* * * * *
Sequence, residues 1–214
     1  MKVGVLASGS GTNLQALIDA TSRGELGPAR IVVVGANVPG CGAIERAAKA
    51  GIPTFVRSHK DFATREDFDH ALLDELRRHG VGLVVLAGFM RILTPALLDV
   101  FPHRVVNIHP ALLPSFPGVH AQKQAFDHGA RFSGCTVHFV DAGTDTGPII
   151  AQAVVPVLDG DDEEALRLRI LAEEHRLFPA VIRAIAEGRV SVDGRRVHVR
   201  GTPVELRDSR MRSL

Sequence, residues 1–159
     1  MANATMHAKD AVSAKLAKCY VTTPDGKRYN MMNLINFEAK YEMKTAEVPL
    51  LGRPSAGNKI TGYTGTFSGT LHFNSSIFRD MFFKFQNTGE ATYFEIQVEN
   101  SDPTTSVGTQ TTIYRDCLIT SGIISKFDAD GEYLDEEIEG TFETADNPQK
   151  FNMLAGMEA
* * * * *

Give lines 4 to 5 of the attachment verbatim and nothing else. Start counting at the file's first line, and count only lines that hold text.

   101  FPHRVVNIHP ALLPSFPGVH AQKQAFDHGA RFSGCTVHFV DAGTDTGPII
   151  AQAVVPVLDG DDEEALRLRI LAEEHRLFPA VIRAIAEGRV SVDGRRVHVR